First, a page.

The Van Genderen family in Wapello County, like cow-calf raisers all over Iowa, are very happy that March did not come in like a lion.

After battling snow and frigid weather in February when they started calving, Calvin and Amy Van Genderen were very happy the weather turned warmer in early March and melted away the ice and snow. But no matter the weather, calving still takes the whole family. 

“A hundred calves (in) two weeks is a lot of work, especially during the cold spell,” Calvin said. “There were a lot of nights when we were up every hour or two checking cows. You do that for a solid week, and you get worn out.”

(Photo above: Amy and Calvin Van Genderen work together to tag a calf on their farm in Wapello County near Eddyville. At right, Calvin checks to make sure all of the newborns have been tagged before turning them out to pasture. PHOTOS/GARY FANDEL)

The Van Genderens, Wapello County Farm Bureau members, raise some 200 Simmental/Angus crossbred cows near Eddyville. 

They try to calve mostly in the late winter and early spring. That helps them avoid the spring rains that can muddy up their pastures near the Des Moines River. “Hopefully, we’ll be finished by the end of April,” Calvin said, looking over the pasture early last week as the temperature topped 70 degrees.

Everyone pitches in

When the Van Genderens' calving season is in full swing, every family member pitches in to care for cows and their newborn calves.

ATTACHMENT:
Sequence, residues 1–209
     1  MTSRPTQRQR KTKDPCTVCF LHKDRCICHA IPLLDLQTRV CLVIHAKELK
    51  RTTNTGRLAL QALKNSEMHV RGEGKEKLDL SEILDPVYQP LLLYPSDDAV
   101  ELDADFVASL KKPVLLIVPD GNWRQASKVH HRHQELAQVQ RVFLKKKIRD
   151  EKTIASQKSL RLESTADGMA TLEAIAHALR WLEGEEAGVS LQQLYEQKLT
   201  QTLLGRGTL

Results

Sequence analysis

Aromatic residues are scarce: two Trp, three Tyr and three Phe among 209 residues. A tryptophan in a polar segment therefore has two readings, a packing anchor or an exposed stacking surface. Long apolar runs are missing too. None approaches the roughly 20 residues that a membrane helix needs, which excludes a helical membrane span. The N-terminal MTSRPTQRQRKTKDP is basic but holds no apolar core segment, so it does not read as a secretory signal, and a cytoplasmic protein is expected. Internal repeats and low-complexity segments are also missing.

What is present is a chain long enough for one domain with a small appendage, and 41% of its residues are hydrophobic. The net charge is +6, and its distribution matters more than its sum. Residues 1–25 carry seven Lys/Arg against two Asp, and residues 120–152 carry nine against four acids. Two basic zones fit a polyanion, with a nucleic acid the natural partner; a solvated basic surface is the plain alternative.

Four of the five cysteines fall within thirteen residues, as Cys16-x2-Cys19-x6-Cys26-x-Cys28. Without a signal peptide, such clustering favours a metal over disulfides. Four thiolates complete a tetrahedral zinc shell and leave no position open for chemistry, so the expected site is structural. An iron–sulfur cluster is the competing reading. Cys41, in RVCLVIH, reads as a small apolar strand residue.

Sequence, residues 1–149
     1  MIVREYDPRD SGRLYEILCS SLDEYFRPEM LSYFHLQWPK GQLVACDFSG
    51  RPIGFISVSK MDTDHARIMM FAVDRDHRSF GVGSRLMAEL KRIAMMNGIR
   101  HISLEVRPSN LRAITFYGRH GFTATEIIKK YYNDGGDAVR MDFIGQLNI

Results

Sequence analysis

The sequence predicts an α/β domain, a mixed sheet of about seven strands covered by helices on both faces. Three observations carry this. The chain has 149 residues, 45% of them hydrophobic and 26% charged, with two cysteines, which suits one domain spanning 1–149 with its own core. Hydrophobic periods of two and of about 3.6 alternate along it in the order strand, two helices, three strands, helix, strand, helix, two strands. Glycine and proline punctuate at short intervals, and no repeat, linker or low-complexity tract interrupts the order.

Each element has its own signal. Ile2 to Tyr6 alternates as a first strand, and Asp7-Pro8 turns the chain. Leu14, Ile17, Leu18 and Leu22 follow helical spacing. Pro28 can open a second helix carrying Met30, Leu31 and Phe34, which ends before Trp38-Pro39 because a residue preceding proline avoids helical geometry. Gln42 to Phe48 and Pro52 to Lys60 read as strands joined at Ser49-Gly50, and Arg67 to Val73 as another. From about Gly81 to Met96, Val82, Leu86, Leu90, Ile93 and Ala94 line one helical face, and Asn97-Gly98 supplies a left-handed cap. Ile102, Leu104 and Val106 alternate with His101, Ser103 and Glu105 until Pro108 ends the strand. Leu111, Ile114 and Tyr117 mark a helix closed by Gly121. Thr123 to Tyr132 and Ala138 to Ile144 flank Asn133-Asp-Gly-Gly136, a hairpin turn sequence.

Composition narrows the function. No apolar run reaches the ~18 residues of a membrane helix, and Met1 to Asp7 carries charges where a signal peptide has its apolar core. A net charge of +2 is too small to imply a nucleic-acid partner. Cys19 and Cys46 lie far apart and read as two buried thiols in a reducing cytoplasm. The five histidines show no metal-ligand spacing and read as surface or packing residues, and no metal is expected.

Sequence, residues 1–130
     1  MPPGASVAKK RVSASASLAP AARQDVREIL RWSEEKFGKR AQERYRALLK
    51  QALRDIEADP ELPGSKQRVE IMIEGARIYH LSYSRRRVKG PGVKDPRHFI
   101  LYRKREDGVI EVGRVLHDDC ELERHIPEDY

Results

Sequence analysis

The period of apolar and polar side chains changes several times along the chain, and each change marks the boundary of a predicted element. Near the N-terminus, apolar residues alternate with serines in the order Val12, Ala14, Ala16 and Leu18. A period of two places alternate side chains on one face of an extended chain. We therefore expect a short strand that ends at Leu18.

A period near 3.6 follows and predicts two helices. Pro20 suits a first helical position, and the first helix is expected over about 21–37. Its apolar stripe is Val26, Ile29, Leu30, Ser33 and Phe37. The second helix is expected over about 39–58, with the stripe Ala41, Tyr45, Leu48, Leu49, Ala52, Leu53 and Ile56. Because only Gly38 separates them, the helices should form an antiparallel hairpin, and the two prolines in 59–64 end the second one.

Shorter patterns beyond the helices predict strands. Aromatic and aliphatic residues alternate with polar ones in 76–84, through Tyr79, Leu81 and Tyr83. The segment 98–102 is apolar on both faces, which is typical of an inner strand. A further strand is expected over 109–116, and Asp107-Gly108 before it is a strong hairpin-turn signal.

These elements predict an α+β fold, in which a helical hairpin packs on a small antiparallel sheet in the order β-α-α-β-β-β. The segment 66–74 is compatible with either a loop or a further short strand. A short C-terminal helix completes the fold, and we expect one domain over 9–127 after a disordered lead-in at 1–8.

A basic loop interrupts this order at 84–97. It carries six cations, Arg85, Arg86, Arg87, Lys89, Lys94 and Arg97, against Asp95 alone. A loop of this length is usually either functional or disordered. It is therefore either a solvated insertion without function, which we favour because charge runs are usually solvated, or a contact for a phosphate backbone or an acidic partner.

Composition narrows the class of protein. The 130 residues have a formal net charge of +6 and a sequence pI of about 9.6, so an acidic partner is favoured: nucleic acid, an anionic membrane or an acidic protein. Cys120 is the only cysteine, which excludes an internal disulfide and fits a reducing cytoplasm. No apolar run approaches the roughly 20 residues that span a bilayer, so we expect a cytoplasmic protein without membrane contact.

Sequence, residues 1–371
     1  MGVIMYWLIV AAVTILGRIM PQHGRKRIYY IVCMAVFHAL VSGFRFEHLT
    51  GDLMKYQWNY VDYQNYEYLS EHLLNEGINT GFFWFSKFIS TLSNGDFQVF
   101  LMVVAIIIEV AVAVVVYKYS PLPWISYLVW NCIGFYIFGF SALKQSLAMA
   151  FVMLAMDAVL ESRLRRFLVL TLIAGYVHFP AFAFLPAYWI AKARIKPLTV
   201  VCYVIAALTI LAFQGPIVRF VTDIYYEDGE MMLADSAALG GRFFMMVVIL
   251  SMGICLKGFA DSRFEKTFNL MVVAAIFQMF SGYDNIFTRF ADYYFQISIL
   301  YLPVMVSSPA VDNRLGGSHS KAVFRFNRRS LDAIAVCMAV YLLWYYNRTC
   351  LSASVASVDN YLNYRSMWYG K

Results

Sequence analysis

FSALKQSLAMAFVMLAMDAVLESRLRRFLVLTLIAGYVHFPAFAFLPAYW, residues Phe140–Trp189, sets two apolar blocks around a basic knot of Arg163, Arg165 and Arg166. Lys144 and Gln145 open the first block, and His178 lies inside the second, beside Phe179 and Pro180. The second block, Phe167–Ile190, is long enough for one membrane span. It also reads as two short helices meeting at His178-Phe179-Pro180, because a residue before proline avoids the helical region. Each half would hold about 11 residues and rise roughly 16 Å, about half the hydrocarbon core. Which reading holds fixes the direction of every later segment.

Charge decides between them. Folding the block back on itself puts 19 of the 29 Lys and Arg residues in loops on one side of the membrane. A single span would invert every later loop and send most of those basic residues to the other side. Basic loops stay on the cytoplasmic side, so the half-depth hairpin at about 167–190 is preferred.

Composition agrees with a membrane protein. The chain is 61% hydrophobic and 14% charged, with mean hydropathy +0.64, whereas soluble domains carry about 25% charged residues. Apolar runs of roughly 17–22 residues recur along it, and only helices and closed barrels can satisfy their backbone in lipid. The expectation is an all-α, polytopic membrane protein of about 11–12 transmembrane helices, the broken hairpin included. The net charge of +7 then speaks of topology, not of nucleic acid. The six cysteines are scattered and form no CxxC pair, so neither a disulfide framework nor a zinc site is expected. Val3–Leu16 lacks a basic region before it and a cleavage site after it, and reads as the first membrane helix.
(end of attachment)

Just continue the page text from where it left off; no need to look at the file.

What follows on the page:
“We have a calving barn that holds up to eight cows at a time, then we use the lean-to and an old corn crib to accommodate the rest,” said Calvin, who is Wapello County Farm Bureau president. “Every day, we’re kicking out the same amount we’re having.” 

Last year, calving coincided with the beginning of the COVID-19 pandemic. That meant the Van Genderen boys, Caden, 14 and Casen, 12, were learning from home and able to help out even more. “They would set their alarms and try to beat us out to the calves,” Calvin said.

For Amy, the best part of calving is watching the babies run on grass.

(Photo above: Calvin Van Genderen PHOTOS/GARY FANDEL) 

“Tails flipped over their backs with their heels flying, just running as fast as they can — I never get tired of that,” she said.

“It’s a pretty picture when the grass is green and the sky is blue,” added Calvin.